Every industry needs its market disruptors, and that of submarine cables is no different. In this case it is Zenzu Submarine who bring to the table a new and very interesting proposition for how cable projects of the future may be
coordinated and managed. Zenzu, headed up by the former Googler, Erikas Napjus, present themselves as pioneers of a new business model they call the Condo-Tenant model.
This is a very bottom-up approach in which they take no ownership of the cable infrastructure, but instead convene and coordinate all other interested parties. So, they might decide on a potential route and then scout out all the various parties (or tenants) who may be interested to jump on board, bring them together and help to forge a deal in which members take a stake. For this they charge cost price (for the length of cable which is utilized), plus 10% as their fee.
Erikas and the Zenzu team, many of whom hail from the OTT world, don’t necessarily see themselves as entirely replacing the current model of building the infrastructure and then selling off bandwidth to third parties. But they feel the compelling advantages to the Condo-Tenant model, which include reduced costs and speedier negotiation processes, mean that it should become a force to be reckoned with.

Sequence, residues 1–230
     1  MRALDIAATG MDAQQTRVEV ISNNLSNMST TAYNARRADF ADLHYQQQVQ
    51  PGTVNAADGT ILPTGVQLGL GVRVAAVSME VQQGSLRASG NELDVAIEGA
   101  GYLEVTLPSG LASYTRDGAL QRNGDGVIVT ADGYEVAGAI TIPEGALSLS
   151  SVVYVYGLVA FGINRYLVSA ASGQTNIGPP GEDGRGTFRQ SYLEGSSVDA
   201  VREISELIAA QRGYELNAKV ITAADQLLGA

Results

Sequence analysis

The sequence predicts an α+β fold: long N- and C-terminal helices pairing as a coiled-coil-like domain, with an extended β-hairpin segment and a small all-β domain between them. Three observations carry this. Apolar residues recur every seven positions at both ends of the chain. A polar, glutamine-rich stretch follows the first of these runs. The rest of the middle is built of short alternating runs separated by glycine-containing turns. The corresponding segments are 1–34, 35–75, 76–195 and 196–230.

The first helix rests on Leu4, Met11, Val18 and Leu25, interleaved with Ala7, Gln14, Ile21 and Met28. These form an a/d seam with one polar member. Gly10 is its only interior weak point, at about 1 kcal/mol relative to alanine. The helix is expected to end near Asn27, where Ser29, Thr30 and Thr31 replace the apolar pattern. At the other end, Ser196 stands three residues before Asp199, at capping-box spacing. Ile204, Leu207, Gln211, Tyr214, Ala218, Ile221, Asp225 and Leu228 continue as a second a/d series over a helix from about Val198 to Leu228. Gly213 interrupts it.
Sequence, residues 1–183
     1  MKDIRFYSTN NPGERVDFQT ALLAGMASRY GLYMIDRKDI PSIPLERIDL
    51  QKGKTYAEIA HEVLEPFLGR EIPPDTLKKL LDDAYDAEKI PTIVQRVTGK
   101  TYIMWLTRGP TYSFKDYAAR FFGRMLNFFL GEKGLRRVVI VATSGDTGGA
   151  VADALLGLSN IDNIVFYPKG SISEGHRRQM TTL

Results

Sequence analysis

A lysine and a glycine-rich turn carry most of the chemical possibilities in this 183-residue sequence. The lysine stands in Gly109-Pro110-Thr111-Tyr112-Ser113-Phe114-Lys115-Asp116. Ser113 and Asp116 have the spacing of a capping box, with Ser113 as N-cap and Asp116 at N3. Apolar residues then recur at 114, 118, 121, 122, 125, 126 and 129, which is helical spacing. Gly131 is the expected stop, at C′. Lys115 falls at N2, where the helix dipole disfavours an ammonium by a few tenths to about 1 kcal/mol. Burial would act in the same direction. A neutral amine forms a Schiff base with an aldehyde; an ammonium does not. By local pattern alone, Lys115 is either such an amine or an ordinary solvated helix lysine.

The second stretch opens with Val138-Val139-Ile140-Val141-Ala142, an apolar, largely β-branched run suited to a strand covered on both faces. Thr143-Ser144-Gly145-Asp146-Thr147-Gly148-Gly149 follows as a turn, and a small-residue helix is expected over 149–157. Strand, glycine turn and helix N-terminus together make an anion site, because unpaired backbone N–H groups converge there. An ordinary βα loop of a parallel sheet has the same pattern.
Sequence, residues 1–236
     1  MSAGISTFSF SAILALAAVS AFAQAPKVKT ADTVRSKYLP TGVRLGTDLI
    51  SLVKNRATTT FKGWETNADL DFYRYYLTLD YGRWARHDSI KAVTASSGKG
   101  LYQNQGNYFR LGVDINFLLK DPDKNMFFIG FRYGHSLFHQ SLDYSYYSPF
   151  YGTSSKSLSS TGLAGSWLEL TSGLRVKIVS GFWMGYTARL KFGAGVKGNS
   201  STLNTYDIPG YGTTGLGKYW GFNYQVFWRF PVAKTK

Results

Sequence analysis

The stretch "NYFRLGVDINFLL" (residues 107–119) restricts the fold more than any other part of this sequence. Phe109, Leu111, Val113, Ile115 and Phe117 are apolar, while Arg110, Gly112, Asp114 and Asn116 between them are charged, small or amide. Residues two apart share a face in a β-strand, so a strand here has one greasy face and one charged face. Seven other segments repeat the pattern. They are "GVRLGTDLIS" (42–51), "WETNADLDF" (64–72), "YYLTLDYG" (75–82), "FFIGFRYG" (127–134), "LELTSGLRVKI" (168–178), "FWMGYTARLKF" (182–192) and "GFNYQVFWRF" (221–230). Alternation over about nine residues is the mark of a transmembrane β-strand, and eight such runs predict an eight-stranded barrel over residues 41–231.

At present the team have four projects under review: Artimon (extending from the North Eastern Seaboard of the US to Denmark with further potential branches to Iceland, Ireland, the UK, Netherlands and Norway) is the most advanced of the four projects, and is anticipated to be completed sometime in 2020.
Benguela is a cable proposed to extend from London to Cape Town with an array of branches to the countries of the West Coast of Africa and the Mediterranean. Challenger is a project planned to extend from Los Angeles to Valparaiso in Chile in the West with an eastern branch covering points along the east cost of Central America, up to the US. Lastly, Discovery, arguably the most ambitious project, would link Marseilles with Mumbai, with a further branch reaching down to Singapore.
It will be exciting to see what kind of impact Zenzu make in the world of submarine cables.
Certainly, they are gaining widespread interest from the OTTs and telcos. If these four projects do come to fruition, few will be able to argue against the new model. The question then will be, how will the rest of the market respond?
This article is part of a series of 15 interviews with leading cable project owners around the world, which we’ve compiled into the ebook “Submarine Networks Projects 2017”. Download a free copy of it here.
If you’d like to meet these cable owners and operators together with other leaders from the industry, you should join us at Submarine Networks World 2018, which takes place 24 – 26 September in Singapore. Firmly established as the must-attend annual meeting for industry players from all around the world, preparations are already underway for another year of inspiring ideas, extensive networking and lively debates, with a conference programme covering key industry issues ranging from New Demand Drivers to Marine Operations, as well as a brand new Innovation Zone featuring presentations on the latest R&D projects.
Keen to learn more? Get in touch with the team: